When Mason Mincey launched Soarce, he likely never dreamed it would lead to the world-renowned Fashion Week in Milan.

But there he was recently, in the fashion capital of the world, testing clothing materials and meeting with businesses that might be future partners for his team’s renewable clothing company.

The path to Milan started at the University of Central Florida. On Wednesday, Mincey was back on his old stomping grounds, at UCF Startup Fest.

This time, however, he had some success under his belt.

“We all start at different times but everybody is the same and goes through similar paths,” he said. “We wouldn’t be at this point without the people we met here.”

The festival brought together several businesses with resource providers, school-run organizations and others interested in the startup community.

The chance for entrepreneurs to meet with like-minded people creates a symbiotic learning environment.

That’s exactly the point behind events like the Startup Fest, LaunchPad Executive Director Cameron Ford said.

“They can meet other students who, perhaps, have already been through it and can help them understand what’s possible,” he said.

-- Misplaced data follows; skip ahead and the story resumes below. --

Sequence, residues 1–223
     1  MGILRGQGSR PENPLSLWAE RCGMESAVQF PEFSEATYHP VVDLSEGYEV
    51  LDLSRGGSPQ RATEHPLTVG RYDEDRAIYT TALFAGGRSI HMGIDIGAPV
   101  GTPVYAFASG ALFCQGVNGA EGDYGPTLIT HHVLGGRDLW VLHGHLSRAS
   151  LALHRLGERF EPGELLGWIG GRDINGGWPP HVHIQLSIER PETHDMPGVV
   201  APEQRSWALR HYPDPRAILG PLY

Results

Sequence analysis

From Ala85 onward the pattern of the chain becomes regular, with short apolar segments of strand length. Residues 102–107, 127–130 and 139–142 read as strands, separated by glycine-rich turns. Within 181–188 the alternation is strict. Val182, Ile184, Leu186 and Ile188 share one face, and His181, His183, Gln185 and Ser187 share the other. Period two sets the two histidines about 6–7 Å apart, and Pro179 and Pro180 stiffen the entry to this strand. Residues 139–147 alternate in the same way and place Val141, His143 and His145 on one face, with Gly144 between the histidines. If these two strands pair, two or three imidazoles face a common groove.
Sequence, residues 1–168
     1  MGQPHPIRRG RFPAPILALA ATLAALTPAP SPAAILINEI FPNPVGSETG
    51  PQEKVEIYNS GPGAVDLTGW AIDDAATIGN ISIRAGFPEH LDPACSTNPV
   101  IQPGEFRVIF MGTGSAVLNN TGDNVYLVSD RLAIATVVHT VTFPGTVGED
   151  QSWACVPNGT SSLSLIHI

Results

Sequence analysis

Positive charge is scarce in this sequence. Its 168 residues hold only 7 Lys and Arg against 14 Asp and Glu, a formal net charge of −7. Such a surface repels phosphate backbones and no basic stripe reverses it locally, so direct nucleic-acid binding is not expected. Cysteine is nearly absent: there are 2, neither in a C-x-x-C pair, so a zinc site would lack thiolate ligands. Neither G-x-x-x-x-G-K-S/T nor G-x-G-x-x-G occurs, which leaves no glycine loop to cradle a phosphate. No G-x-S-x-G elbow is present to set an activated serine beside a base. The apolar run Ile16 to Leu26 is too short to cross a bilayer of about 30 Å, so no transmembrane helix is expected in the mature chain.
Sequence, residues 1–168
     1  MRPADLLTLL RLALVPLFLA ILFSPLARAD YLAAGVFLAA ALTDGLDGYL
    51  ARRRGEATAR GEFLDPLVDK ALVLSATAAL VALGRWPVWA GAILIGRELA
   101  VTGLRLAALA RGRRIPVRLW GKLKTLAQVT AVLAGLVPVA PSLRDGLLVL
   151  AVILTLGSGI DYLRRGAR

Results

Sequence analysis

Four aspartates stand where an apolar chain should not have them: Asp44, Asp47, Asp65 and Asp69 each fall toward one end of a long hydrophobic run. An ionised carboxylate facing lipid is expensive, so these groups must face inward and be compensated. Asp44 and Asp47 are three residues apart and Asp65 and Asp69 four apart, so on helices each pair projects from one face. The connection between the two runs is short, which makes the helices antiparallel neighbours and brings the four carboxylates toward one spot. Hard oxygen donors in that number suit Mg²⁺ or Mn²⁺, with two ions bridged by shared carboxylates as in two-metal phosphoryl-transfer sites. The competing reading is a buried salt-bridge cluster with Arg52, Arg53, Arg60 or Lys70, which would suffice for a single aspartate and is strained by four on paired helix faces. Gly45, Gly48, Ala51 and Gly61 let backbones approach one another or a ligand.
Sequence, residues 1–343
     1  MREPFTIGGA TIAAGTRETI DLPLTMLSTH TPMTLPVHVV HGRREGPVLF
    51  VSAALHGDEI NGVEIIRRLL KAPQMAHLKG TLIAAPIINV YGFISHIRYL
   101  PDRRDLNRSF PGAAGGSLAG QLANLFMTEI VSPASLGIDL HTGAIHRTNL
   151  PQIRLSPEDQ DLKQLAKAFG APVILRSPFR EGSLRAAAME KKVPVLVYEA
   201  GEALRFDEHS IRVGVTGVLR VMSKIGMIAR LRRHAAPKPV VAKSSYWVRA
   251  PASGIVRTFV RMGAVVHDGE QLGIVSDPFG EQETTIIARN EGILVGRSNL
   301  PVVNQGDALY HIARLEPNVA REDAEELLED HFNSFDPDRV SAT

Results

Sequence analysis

The event also introduced those who attended to several Orlando-based organizations that support or promote Orlando’s tech scene.

Lined up along the walls were representatives from groups like Starter Studio, Orlandopreneur and Startup Weekend.

It offered these organizations a chance to not only build their membership groups but also impart wisdom as experienced entrepreneurs.

“The number one thing is persistence,” said Rajiv Menon, an Orlando entrepreneur who was at the event representing the upcoming Startup Weekend. “Even if you have innovative technology to deal with a problem, you’ll still have a situation where you take a punch in the face.”

He said a soft landing into the Orlando tech community is a benefit of the festival, too.

“It’s great that they are getting that exposure in a sandbox,” he said.

Samara Taxil’s jewelry business Lorzeus has been a work in progress.

However, by working through UCF’s program and attending the festival, her confidence in the enterprise grew.

“It really finalized what I wanted to do,” said Taxil, whose company recently launched. “It drove me to have more passion because I can talk about the business with more confidence.”

As he met with students who were building their businesses, Mincey recalled how he faced some of the same obstacles they had been facing.

“We were in the same position that some of these students are in right now,” Mincey said. “It’s sometimes hard to appreciate where you come from but it does come full circle.”

The Startup Fest can help students see what they could never learn in a classroom, Ford said.

“I want students to understand the resources that are available in the community and on campus to support entrepreneurial education to serve their aspirations,” he said. “Startups have that purity.”